893.00/9–2345: Telegram

The Ambassador in China ( Hurley ) to the Secretary of Stale

1649. Immediately prior to his departure for Washington, Ambassador Hurley dictated the following message for the Secretary of State: [Page 467]

“I concluded my last conference with the Government and Communist negotiators at 2:30 this morning.

The negotiators have agreed that they will collaborate for the establishment of a democratic government in China, for the reconstruction of China, and the prevention of civil war.
Both have agreed to support the leadership of Chiang Kai-shek as President of the Republic.
They have further agreed that both parties will support the doctrines of Sun Yat-sen and will cooperate for the establishment in China of a strong, united, democratic government.
The Communists have agreed that they will recognize the Kuo-mintang as the dominant party in control of the government and will cooperate with that party during the period of transition from the present form of government to a democratic regime.
Numerous other questions, including the release of political prisoners, freedom of person, speech, press, belief, assembly and association were agreed upon.

There are two important points on which the conferees are not yet in agreement, although both parties have made concessions towards making agreement possible. One point is that the Communists claim the right to appoint, select, or elect any Communist governors and mayors in certain provinces. The Government contends that until a constitution has been adopted and a democratic government inaugurated, the prerogative of appointing governors and officials is vested in the President of the Republic. The Government considers that this should not be changed until the transitory period from the present Government to a constitutional government has been achieved. Both parties agree to work together during the transitional period. The next point on which the parties have approached an agreement but have not finally agreed is the number of Communist troops that are to be included in the national peace-time army of China. The Communists first contended that they should have 48 Communist divisions. It was pointed out by the Government that the present plan calls for a peace-time army consisting of 80 to 100 divisions, and that the Communists, who, the Nationalists claim, are in a minority, are claiming the right to approximately one-half of the peace-time army. This, the Nationalists refuse to agree to, but they have offered the Communists 20 divisions, or what will constitute approximately one-fifth of the planned peace-time army. Chairman Mao Tse-tung said last night that they did not reject the offer but the Communists wanted to give it further consideration.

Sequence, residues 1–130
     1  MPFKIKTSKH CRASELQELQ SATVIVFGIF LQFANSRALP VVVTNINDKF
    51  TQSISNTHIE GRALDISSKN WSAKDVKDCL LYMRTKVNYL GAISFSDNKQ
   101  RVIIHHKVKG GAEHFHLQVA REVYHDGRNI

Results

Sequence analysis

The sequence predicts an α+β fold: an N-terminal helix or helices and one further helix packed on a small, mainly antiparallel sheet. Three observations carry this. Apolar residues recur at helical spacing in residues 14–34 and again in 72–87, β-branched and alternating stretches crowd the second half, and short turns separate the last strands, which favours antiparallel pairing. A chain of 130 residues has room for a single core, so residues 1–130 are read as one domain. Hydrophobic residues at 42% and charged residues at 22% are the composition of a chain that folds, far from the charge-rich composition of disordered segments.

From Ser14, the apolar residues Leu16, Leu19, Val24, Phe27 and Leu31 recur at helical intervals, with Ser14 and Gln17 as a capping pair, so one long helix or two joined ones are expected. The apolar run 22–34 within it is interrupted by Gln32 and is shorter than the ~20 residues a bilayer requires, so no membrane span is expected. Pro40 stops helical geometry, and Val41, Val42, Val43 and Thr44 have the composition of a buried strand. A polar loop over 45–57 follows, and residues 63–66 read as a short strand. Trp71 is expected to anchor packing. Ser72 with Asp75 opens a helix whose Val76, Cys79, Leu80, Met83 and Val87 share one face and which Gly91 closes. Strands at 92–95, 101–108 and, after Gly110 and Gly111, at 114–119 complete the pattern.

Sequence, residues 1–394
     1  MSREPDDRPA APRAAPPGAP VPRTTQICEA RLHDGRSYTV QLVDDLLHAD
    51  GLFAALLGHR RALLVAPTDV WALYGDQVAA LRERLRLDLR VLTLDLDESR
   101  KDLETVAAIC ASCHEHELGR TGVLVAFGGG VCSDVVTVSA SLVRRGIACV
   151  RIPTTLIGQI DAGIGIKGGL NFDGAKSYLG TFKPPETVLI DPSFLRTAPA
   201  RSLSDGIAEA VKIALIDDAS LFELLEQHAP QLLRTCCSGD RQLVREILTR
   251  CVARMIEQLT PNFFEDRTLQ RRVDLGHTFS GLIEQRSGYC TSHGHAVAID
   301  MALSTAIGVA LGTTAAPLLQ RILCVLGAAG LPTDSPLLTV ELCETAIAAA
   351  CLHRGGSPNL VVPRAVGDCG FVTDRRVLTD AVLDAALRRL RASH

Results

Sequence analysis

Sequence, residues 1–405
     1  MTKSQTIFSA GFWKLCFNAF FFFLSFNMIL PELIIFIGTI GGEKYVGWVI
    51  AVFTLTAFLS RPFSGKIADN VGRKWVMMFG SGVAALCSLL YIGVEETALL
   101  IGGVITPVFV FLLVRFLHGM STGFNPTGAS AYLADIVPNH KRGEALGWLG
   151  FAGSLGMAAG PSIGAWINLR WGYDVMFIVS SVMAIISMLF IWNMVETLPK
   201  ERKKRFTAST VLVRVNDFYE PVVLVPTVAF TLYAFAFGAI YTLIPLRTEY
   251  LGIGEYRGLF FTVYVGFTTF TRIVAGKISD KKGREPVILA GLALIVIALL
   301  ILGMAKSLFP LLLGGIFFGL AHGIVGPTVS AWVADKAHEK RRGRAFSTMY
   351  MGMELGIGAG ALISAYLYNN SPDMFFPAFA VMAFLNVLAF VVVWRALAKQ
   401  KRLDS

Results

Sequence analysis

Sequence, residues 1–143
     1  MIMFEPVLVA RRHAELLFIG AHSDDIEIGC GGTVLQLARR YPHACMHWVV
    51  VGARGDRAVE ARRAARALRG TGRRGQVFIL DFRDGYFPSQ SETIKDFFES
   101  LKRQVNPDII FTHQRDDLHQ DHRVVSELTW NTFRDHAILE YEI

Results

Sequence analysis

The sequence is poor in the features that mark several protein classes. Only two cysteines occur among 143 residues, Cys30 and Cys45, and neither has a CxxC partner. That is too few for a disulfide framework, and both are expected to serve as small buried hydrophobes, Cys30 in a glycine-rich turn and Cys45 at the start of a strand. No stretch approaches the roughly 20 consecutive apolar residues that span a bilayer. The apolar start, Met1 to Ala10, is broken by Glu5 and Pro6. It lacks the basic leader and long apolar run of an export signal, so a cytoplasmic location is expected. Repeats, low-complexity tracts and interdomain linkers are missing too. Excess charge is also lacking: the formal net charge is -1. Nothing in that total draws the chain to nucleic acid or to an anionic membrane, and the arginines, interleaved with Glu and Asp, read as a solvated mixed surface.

The over-all achievement in this conference has been to keep the Communists and the Nationalists talking peace-time cooperation during the period for which civil war has been predicted by nearly all of the elements who are supporting a policy to keep China divided against herself. The conferences will continue. Mao Tse-tung is remaining in Chungking. The Generalissimo has given Mao Tse-tung his word and pledged his character for the safe conduct of Mao Tse-tung and his party. He has agreed to give Mao Tse-tung and his party transportation to Yenan at any time they wish to discontinue the conference. Mao Tse-tung is satisfied with this pledge on the part of the Generalissimo.

We have rather complete minutes of the conference from its inception. We have not been advising the Department of the details for [Page 468] the reason that it was agreed at the beginning that no statement would be made by any of the parties to the conference until the conference is concluded or until a communiqué is approved by both parties. Consequently we respectfully request that the contents of this cable not be made public until a communiqué has been issued by the conferees.

I told the Communist and the Government negotiators last night that in my opinion they were attempting to settle too many details. I pointed out that an attempt to agree on all the details of reorganization of government and the organization of troops in advance would in all probability lead to interminable debate. I said that, if they could agree on basic over-all principles, details could be worked out in accordance with such principles.

The spirit between the negotiators is good. The rapprochement between the two leading parties of China seems to be progressing and the discussion and rumors of civil war recede as the conference continues.”

Ambassador Hurley had prepared to leave with General Wedemeyer on September 18 on what was considered by Wedemeyer, the Generalissimo and the Ambassador as an urgent mission to Washington. However, upon the earnest request of both parties he agreed to remain in China an additional 4 days to render assistance in reaching agreement.

For the Department’s information, both parties have expressed deep appreciation of the cooperation and assistance of the Ambassador. They have agreed upon a paragraph to be included in their proposed final resolution thanking the Ambassador for his great services to China in bringing about the conferences and for his general helpfulness as mediator during the negotiations.